Why digital resources fail to deliver.Peter
Websites can look fantastic and there is no shortage of suppliers of websites, portals, data analysis, one-off experts for SEO and social media. There is also no shortage of enthusiasm within practices. So why is it that few practices are happy with the results generated by their digital resources?
Of recent times, we’ve asked our clients why this is still the case and we have arrived at some conclusions. We explain the problem and offer a solution.
Digital resources consist of three components: namely, the website (we now call them digital offices); a range of interactive content, such as articles and portals, that add extra value for clients and give a reason for the practice to regularly communicate; and the actual use of these resources (the practice’s role).
The relative effectiveness of these three is 5%, 35% and 60%.
Ironically, implementation is the reverse. That is, websites are seen as the big player, interactive content is often confined to just a newsletter, and the practices try, but manage to do very little.
As such the problem is obvious. If 60% of a job isn’t done then little can be achieved. So, why do practices have trouble using these resources?
It isn’t for want of trying. Staff such as an accountant, the receptionist or a partner is given the job but none have the time. Or a new service is purchased, an App for example, that the practice has been told will fix the problem, but it doesn’t. Or an expert is employed to run a campaign, social media for example, but it also fails.
OK, so there’s a major problem within every practice but why is it important to fix it? This is the second crucial part of the problem.
Practices everywhere want their digital resources to generate new business but for it to come from the ‘obvious’ sources, or so they’re told, of social media and search engines. An analysis of a practice’s new business tells a totally different story.
90-100% of all new business for every accounting and financial planning practice comes from client referrals and referral partners. Only 5% comes from search engines and 2.5% comes from social media. Most effort and investment within practices is into the latter two.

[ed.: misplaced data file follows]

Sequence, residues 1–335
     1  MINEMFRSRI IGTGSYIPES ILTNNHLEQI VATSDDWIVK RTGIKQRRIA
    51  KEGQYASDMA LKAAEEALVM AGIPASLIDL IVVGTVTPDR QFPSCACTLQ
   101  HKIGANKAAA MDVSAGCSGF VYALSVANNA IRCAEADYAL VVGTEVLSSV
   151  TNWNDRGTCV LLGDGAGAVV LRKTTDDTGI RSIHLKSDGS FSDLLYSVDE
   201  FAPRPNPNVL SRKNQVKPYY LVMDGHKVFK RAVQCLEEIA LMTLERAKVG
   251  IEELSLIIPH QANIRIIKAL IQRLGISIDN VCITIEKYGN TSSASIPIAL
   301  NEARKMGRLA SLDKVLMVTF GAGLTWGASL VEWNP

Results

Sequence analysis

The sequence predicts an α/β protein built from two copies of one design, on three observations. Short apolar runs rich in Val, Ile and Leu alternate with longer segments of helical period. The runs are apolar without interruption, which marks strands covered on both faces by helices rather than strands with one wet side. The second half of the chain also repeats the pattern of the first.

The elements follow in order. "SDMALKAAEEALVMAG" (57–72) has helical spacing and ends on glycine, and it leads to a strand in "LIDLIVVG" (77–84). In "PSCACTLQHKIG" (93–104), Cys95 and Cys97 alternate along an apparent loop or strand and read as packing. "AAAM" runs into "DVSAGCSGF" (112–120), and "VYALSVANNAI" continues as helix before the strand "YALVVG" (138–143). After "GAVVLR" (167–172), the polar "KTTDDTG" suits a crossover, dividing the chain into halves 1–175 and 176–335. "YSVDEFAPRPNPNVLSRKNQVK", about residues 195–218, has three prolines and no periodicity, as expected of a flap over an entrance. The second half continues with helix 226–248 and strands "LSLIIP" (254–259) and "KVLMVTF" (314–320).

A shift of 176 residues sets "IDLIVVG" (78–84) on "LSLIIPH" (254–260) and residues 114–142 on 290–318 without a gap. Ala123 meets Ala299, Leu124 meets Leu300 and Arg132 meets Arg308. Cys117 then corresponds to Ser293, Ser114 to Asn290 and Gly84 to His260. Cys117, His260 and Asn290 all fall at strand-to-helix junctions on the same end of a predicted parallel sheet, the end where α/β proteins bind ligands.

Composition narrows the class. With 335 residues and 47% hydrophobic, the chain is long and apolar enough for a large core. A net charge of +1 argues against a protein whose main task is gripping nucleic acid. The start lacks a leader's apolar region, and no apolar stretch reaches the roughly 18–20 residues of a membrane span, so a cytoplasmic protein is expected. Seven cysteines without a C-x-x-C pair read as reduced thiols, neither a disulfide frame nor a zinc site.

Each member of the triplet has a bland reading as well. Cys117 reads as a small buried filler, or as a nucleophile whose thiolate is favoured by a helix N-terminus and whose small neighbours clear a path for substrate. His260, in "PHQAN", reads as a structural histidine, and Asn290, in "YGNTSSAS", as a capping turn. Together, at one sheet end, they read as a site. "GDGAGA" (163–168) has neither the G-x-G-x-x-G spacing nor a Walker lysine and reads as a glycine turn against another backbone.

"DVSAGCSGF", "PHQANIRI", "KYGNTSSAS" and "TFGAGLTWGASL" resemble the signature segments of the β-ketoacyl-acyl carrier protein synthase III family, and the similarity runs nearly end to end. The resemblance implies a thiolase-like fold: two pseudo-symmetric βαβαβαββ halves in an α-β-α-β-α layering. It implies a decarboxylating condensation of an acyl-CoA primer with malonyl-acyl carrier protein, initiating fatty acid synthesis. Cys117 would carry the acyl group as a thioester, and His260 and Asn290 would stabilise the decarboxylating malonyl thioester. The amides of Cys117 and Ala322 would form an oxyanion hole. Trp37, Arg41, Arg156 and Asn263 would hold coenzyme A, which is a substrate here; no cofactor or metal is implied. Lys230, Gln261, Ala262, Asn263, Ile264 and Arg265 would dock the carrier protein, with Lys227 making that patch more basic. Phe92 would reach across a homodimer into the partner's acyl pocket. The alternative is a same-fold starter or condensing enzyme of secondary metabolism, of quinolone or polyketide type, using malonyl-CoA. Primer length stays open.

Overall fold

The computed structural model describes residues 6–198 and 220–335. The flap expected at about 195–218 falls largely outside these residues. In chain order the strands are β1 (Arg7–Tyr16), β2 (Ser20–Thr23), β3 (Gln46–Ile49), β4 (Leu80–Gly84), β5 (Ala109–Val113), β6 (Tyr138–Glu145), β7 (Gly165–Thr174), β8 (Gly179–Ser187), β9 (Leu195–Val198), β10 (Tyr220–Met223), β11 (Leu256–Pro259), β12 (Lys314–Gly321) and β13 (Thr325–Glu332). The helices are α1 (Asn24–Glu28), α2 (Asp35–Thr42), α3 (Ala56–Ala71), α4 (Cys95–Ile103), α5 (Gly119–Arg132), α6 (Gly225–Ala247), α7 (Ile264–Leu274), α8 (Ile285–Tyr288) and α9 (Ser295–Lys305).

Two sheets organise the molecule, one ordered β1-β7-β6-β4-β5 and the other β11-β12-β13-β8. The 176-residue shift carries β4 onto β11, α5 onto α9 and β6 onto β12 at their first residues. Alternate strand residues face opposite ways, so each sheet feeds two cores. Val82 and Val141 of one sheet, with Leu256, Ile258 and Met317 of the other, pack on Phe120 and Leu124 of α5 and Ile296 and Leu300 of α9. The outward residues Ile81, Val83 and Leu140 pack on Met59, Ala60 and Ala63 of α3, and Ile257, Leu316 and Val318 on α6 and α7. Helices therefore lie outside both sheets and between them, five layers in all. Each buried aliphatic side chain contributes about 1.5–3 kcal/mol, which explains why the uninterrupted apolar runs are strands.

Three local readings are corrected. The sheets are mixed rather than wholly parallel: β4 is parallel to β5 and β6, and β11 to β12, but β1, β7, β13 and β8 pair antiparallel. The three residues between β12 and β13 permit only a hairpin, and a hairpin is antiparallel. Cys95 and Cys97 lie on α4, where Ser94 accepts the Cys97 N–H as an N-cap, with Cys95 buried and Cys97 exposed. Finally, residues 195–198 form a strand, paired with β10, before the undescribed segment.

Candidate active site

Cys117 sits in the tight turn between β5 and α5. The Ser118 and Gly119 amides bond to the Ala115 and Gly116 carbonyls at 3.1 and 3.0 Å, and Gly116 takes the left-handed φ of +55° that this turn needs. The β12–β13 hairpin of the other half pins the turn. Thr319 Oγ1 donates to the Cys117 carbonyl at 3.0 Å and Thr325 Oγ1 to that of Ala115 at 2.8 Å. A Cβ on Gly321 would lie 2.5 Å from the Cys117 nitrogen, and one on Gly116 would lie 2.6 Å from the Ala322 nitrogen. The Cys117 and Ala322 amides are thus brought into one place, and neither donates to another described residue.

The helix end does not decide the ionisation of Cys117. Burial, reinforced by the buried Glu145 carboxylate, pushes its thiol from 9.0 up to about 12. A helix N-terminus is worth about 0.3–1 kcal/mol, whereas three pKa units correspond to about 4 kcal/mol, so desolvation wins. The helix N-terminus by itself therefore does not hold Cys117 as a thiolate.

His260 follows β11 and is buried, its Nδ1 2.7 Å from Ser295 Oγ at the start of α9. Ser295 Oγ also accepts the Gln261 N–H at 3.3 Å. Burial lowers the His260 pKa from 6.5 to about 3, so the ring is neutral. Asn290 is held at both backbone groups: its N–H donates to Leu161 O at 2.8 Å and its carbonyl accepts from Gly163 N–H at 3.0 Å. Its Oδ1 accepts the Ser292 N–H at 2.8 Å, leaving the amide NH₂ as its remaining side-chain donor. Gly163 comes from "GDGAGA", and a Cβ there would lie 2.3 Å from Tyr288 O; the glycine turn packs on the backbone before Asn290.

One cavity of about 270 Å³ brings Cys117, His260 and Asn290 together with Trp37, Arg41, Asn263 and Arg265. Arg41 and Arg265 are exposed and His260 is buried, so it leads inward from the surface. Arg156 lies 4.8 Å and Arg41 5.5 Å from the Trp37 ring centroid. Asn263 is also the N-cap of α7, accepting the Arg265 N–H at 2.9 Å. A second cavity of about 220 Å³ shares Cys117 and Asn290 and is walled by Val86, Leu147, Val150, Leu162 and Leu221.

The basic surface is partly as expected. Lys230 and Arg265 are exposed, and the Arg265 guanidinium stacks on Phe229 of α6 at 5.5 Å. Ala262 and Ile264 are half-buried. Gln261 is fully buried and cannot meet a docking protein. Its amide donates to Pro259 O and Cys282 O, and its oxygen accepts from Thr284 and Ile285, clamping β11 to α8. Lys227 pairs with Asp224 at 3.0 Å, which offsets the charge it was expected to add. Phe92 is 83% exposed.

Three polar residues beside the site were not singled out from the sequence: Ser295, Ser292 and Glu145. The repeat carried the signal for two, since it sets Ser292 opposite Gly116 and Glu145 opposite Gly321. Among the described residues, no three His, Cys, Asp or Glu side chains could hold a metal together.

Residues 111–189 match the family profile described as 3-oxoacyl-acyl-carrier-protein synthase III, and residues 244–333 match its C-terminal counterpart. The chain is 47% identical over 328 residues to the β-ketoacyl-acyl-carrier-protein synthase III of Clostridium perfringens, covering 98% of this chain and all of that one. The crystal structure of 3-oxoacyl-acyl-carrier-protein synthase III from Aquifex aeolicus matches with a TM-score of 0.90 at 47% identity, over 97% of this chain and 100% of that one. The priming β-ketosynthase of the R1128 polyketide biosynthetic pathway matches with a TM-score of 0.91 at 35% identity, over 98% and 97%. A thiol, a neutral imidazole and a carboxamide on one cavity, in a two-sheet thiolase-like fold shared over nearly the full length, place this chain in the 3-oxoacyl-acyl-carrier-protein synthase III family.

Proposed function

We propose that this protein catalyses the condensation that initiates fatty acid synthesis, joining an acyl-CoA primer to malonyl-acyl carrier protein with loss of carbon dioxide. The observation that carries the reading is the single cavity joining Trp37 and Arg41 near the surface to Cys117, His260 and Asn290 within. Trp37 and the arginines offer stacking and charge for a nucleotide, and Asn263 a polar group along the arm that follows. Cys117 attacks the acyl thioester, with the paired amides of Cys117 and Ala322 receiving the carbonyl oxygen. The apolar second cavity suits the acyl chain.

All roads point to the reason that digital resources don’t deliver because of how they are understood and used in a practice.
The weakness, therefore, is that the practices themselves don’t have the time, the expertise or the focus.
The only solution then is to employ a resource that actually becomes part of the ‘team’ rather than remaining on the outside as a marketing consultant does. This provides the ‘time’ needed. The resources must also have the expertise to know what they’re doing as they need to manage the website, manage content, talk to the practice, and know how to motivate current and potential clients.
Finally, as noted above clients and referral partners are the main game, so this resource must also be able to focus on and analyse clients and be able to coordinate referral partners into a powerful supplier group to each of their respective client bases.
AcctWeb and PlannerWeb are the only businesses in a position to do the above and the results are quite amazing.
AcctWeb and PlannerWeb work with over 350 accounting and financial planning practices and have done so for almost 20 years.